University Of Tasmania
Koskinen_Diabetes Care_2014.pdf (812.91 kB)

Youth overweight and metabolic disturbances in predicting carotid intima-media thickness, type 2 diabetes, and metabolic syndrome in adulthood: the cardiovascular risk in young Finns study

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posted on 2023-05-18, 02:06 authored by Koskinen, J, Costan MagnussenCostan Magnussen, Sabin, MA, Kahonen, M, Hutri-Kahonen, N, Laitinen, T, Taittonen, L, Jokinen, E, Lehtimaki, T, Viikari, JSA, Raitakari, OT, Juonala, M
OBJECTIVE: Our objective was to assess cardiovascular risk and metabolic complications in adulthood in subjects with or without overweight and metabolic disturbances (i.e., elevated blood pressure, glucose, triglycerides, low HDL cholesterol, and high LDL cholesterol) and their combinations as youth. RESEARCH DESIGN AND METHODS: Using data from the population-based Cardiovascular Risk in Young Finns study, we examined the utility of four age- and sex-specific youth phenotypes (group I: normal weight, no metabolic disturbances; group II: normal weight, one or more metabolic disturbances; group III: overweight/obese, no metabolic disturbances; group IV: overweight/obese, one or more metabolic disturbances) in predicting adult high carotid intima-media thickness (IMT), type 2 diabetes mellitus (T2DM), and metabolic syndrome (MetS). The study included 1,617 participants 9-24 years of age at baseline who were followed up 21-25 years later. RESULTS: IMT (mean ± SEM) was higher among participants in groups II (0.627 ± 0.005 mm, P = 0.05), III (0.647 ± 0.010 mm, P = 0.005), and IV (0.670 ± 0.010 mm, P < 0.0001) compared with group I (0.616 ± 0.003 mm). In addition, subjects in group IV had significantly higher IMT compared with those in group II (P = 0.002). Participants in groups II, III, and IV were at increased risk of the development of MetS in adulthood compared with those in the control group. For group II participants, the difference was attenuated after risk factor adjustments. Additionally, participants in group III and IV were at increased risk of the development of T2DM compared with those in groups I and II. CONCLUSIONS: While metabolic risk factors associated with overweight increase future risk for MetS, T2DM, and increased IMT, overweight in isolation is also a risk factor. Therefore, overweight should be prevented and treated wherever possible.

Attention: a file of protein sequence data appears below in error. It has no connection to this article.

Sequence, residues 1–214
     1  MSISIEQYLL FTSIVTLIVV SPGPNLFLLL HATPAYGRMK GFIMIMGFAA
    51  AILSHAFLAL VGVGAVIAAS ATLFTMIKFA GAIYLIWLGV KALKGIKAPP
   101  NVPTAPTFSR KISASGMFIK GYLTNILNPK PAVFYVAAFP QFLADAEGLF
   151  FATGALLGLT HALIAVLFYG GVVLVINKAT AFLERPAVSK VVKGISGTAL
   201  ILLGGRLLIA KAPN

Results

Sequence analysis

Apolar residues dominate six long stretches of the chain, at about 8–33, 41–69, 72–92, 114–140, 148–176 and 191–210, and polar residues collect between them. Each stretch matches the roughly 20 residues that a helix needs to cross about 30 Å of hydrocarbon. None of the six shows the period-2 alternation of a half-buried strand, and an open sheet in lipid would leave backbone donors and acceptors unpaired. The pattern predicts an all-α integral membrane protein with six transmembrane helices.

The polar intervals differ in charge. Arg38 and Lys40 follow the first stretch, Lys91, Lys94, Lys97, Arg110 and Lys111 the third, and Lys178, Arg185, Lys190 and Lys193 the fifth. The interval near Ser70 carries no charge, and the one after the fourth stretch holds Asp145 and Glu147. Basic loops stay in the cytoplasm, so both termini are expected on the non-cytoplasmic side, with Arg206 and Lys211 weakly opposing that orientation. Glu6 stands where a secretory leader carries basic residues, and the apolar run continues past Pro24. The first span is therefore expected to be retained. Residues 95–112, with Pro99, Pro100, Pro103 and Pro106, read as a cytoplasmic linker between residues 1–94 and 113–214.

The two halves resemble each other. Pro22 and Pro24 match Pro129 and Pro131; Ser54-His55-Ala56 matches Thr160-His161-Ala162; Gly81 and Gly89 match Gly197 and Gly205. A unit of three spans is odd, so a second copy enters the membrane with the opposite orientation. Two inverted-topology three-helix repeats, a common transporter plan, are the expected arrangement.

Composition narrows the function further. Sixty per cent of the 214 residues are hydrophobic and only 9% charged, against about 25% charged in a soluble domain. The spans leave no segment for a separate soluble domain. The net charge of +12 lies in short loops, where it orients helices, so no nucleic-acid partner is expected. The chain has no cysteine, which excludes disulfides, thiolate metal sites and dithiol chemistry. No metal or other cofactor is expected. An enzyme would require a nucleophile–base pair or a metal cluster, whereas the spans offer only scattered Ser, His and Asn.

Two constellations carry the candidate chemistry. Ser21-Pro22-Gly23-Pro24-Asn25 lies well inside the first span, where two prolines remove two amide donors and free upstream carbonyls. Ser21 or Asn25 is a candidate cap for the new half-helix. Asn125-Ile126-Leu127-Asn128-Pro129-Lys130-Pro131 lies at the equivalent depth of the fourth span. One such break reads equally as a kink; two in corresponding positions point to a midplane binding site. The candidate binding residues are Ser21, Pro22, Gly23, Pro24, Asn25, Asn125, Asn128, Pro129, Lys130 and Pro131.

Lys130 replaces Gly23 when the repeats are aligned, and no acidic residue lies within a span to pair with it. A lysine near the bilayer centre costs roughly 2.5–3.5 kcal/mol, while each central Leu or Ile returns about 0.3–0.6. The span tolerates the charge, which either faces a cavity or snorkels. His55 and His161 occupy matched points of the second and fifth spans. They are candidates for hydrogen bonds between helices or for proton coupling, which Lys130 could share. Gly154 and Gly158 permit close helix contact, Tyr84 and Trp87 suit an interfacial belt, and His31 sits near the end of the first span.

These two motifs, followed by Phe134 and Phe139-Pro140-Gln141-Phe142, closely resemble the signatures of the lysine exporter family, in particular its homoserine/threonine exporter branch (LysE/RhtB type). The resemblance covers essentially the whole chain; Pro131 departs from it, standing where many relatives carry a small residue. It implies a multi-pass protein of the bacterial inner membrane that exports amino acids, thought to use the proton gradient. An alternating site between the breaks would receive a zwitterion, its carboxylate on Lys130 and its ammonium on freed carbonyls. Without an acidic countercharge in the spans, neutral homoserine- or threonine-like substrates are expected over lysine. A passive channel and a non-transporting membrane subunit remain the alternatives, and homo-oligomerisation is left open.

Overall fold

National Health & Medical Research Council


Publication title

Diabetes Care










Menzies Institute for Medical Research


Amer Diabetes Assoc

Place of publication

1701 N Beauregard St, Alexandria, USA, Va, 22311-1717

Rights statement

Licenced under Creative Commons Attribution-NonCommercial-NoDerivs 3.0 Unported (CC BY-NC-ND 3.0)

Repository Status

  • Open

Socio-economic Objectives

Clinical health not elsewhere classified